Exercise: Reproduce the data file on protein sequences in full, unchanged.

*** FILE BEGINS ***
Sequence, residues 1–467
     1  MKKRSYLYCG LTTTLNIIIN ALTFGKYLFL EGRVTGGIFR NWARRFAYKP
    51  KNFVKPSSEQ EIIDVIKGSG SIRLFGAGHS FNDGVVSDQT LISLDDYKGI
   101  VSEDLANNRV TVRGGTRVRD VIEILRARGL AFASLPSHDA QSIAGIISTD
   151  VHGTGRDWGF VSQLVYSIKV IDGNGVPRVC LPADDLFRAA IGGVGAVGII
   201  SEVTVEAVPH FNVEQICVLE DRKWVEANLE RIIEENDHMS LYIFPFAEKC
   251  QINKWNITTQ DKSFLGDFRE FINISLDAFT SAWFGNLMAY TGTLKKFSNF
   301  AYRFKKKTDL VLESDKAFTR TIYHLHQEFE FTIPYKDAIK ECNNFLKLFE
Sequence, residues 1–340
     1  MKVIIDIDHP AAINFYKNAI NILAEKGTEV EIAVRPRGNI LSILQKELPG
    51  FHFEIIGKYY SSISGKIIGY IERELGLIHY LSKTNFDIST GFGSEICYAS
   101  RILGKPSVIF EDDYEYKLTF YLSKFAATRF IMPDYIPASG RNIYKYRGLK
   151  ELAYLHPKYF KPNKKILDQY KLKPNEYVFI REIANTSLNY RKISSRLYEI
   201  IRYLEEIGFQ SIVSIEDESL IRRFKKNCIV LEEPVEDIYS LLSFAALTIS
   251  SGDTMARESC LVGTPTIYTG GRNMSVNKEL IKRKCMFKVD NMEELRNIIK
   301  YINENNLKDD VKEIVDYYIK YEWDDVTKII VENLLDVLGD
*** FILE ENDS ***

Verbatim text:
Sequence, residues 1–467
     1  MKKRSYLYCG LTTTLNIIIN ALTFGKYLFL EGRVTGGIFR NWARRFAYKP
    51  KNFVKPSSEQ EIIDVIKGSG SIRLFGAGHS FNDGVVSDQT LISLDDYKGI
   101  VSEDLANNRV TVRGGTRVRD VIEILRARGL AFASLPSHDA QSIAGIISTD
   151  VHGTGRDWGF VSQLVYSIKV IDGNGVPRVC LPADDLFRAA IGGVGAVGII
   201  SEVTVEAVPH FNVEQICVLE DRKWVEANLE RIIEENDHMS LYIFPFAEKC
   251  QINKWNITTQ DKSFLGDFRE FINISLDAFT SAWFGNLMAY TGTLKKFSNF
   301  AYRFKKKTDL VLESDKAFTR TIYHLHQEFE FTIPYKDAIK ECNNFLKLFE
Sequence, residues 1–340
     1  MKVIIDIDHP AAINFYKNAI NILAEKGTEV EIAVRPRGNI LSILQKELPG
    51  FHFEIIGKYY SSISGKIIGY IERELGLIHY LSKTNFDIST GFGSEICYAS
   101  RILGKPSVIF EDDYEYKLTF YLSKFAATRF IMPDYIPASG RNIYKYRGLK
   151  ELAYLHPKYF KPNKKILDQY KLKPNEYVFI REIANTSLNY RKISSRLYEI
   201  IRYLEEIGFQ SIVSIEDESL IRRFKKNCIV LEEPVEDIYS LLSFAALTIS
   251  SGDTMARESC LVGTPTIYTG GRNMSVNKEL IKRKCMFKVD NMEELRNIIK
   301  YINENNLKDD VKEIVDYYIK YEWDDVTKII VENLLDVLGD